SANS Digital Forensics and Incident Response Blog: Author - Paul Henry

Data Sanitization In The Virtual Realm and Cloud

In virtual realm data storage, while there are several solutions for sanitizing entire hard drives there are limited ways to properly sanitize the files for an individual virtual machine. If you take a virtual machine out of service it does not make sense to literally have to wipe the entire storage array to effectively … Continue reading Data Sanitization In The Virtual Realm and Cloud


Digital Forensics - Automotive Infotainment and Telematics Systems

Paul A. Henry - SeniorSans Instructor - phenry@sans.org MCP+I, MCSE, CCSA, CCSE, CISSP-ISSAP, CISM, CISA, CIFI, CCE, ACE, GCFE, GCFA, GSEC, GICSP, GCED, GPPA, VCP4/5, VCP-DCV (5.5), vExpert Powerful Features There is a huge range of features now controlled / enabled by current generation automotive infotainment and telematics systems (Figure 1 - Source), including … Continue reading Digital Forensics - Automotive Infotainment and Telematics Systems


How To: Forensically Sound Mac Acquisition In Target Mode

Can a Mac hard drive be easily removed for imaging with a forensic hardware imager? It is really a matter of personal opinion, Mac's are an engineering marvel just ask anyone that has had to remove a hard drive from a Mac for forensic imaging and then try to put it back together properly. Depending … Continue reading How To: Forensically Sound Mac Acquisition In Target Mode


How To - Digital Forensic Imaging In VMware ESXi

Paul A. Henry Forensics and Recovery.com Follow me on Twitter

As a follow up to my recent SANS Forensic Blog post "How To - Digital Forensics Copying A VMware VMDK" that provided insight in to making a "GUI tool" based copy of a VMware VMDK, I have put together a How To that addresses creating a forensically sound image of a VMware VMDK on the ESXi console, that is able to provide the "chain of custody" needed in a digital forensics investigation.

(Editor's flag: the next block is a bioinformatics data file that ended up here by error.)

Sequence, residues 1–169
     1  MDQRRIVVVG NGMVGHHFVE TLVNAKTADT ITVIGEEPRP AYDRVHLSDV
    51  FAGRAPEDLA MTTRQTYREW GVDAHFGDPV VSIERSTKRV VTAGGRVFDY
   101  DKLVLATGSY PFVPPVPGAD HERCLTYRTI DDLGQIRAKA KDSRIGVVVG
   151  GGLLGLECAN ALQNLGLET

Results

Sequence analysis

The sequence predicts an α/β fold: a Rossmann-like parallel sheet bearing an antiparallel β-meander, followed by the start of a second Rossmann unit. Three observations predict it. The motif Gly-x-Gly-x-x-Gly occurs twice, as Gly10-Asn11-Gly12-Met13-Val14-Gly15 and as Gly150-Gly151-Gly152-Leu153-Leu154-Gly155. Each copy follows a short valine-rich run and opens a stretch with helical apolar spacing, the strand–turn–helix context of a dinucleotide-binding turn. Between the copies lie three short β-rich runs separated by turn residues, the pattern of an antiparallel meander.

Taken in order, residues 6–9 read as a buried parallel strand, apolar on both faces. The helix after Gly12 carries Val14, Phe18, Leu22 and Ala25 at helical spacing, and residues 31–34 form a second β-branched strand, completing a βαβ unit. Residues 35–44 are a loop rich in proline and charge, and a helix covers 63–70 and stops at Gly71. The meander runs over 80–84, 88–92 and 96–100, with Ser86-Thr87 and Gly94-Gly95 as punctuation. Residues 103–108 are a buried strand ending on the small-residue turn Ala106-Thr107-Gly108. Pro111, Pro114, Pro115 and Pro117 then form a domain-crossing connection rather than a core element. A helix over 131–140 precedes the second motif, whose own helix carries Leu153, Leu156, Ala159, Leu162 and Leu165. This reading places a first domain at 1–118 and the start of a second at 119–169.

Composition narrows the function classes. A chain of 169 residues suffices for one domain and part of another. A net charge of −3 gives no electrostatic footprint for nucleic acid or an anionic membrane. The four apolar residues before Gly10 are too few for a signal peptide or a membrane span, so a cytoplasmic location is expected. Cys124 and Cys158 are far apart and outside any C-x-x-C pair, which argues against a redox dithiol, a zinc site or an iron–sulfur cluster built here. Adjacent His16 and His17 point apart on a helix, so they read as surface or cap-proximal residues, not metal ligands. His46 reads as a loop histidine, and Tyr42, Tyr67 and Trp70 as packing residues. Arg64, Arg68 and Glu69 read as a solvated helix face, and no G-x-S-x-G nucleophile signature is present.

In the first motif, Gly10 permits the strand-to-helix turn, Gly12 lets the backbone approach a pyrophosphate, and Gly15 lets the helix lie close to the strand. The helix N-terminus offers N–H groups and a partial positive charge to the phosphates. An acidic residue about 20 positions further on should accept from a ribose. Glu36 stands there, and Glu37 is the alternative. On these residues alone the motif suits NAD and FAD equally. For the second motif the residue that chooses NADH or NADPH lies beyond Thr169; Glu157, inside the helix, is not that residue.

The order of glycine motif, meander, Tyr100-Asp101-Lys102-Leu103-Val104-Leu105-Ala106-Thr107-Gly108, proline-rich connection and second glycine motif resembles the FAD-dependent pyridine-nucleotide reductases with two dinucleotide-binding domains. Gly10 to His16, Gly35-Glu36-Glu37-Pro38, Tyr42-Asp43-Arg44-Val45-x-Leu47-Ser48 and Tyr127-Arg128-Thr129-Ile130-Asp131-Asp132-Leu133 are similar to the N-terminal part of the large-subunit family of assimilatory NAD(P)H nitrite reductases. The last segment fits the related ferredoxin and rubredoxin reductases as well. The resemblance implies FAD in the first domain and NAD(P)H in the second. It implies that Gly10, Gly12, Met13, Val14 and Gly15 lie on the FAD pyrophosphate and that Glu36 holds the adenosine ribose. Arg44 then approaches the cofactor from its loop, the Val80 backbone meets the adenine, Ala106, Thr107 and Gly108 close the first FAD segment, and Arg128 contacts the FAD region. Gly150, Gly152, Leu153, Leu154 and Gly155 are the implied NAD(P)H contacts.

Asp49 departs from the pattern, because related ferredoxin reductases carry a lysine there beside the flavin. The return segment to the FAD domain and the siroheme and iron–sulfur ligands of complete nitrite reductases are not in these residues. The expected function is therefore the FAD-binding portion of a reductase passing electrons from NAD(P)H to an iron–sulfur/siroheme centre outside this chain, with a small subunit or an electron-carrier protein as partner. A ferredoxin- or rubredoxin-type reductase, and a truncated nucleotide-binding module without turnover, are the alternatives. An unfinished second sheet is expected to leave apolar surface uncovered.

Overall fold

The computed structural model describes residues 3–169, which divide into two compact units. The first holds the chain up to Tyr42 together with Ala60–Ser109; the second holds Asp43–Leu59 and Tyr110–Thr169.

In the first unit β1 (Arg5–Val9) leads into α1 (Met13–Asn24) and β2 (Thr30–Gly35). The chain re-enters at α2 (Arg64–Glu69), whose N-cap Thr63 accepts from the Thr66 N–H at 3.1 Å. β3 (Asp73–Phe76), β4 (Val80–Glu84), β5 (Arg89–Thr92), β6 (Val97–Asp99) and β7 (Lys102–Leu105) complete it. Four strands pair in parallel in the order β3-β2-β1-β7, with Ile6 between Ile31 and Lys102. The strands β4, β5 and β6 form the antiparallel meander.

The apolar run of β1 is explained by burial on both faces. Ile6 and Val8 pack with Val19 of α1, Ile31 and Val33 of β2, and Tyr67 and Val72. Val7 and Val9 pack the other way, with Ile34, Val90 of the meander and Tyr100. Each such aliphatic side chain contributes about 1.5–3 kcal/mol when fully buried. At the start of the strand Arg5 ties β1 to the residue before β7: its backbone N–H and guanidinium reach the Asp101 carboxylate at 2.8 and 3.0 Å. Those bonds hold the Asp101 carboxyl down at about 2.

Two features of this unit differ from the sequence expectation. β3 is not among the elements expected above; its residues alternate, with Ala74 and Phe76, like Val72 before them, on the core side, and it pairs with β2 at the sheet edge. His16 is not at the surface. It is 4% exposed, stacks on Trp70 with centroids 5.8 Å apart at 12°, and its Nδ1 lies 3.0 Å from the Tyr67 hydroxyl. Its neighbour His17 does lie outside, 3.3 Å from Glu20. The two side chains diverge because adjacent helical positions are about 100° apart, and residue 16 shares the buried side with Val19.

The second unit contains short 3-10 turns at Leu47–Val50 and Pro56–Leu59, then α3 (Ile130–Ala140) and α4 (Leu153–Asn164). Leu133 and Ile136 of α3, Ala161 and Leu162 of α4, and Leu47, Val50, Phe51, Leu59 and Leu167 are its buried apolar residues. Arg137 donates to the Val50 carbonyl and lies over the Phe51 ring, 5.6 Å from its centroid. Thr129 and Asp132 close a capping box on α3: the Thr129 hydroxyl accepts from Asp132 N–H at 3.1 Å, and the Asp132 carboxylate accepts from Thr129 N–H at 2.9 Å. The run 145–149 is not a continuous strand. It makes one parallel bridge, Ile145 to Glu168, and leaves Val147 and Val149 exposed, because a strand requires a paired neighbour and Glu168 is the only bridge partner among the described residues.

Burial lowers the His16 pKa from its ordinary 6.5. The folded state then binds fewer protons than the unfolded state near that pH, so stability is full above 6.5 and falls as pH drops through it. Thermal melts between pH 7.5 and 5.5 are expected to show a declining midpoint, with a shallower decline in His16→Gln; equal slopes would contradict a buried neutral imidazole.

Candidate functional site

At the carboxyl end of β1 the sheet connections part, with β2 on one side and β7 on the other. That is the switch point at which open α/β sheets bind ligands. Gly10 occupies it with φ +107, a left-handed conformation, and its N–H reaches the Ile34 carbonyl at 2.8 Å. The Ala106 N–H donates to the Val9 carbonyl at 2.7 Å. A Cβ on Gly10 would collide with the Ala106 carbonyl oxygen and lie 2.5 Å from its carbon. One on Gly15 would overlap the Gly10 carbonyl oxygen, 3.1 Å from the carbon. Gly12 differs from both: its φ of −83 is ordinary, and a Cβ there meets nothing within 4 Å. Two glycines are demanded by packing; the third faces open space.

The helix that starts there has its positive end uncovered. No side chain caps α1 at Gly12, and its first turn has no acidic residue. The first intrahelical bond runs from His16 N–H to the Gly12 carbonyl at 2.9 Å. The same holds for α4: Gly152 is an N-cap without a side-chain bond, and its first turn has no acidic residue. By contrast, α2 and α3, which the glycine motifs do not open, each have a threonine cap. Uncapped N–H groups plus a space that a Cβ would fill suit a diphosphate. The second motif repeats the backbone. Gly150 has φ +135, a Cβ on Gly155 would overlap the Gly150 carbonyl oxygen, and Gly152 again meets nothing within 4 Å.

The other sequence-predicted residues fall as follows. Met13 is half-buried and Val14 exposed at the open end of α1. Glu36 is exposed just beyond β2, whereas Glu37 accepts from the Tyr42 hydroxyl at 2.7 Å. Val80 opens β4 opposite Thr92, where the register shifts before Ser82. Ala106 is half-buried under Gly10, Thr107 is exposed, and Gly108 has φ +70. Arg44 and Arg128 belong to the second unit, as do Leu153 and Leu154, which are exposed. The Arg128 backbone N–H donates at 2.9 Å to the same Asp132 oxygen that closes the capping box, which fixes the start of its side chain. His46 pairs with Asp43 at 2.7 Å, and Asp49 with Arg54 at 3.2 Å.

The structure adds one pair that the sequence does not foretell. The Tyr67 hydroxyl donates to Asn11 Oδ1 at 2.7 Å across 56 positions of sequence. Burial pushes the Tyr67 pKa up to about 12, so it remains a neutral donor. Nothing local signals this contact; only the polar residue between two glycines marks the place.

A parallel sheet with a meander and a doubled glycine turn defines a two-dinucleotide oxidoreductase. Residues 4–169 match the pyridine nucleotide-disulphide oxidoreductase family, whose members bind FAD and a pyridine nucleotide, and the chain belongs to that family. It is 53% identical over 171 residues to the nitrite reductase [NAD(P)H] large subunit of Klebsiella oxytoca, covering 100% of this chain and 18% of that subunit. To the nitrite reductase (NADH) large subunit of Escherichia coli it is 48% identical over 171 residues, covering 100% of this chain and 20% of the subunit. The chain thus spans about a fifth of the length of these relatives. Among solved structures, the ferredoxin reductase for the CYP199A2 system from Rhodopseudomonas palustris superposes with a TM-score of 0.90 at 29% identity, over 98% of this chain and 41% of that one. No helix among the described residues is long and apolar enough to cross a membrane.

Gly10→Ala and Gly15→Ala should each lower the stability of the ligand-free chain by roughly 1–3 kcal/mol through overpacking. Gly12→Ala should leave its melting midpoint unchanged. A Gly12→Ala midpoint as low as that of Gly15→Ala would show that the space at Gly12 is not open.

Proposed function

Important note: In the simplest of terms a VMDK is an abstraction of a physical disk for a VM contained within a file (VMDK-flat). We are making a bit by bit

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How To - Digital Forensics Copying A VMware VMDK

Having recently seen a number of requests on the security and forensic list servers that I participate in requesting recommendations / procedures for copying the disk (VMDK) for a specific Virtual Machine (VM) within a VMware environment for analysis in an incident response, I put together a quick How To in effort to provide some insight in to a few of the methods that I have used.

The Game Has Clearly Changed With Virtualization

Most often the files associated with a given VM are not stored locally on the physical server running ESX or ESXi and the respective VM. It is important to understand that in order to use many of the more powerful features of VMware such as vMotion and DRS the files for the VM's must reside on shared storage that is reachable from each ESX or ESXi server that needs to interact with it. Hence, when

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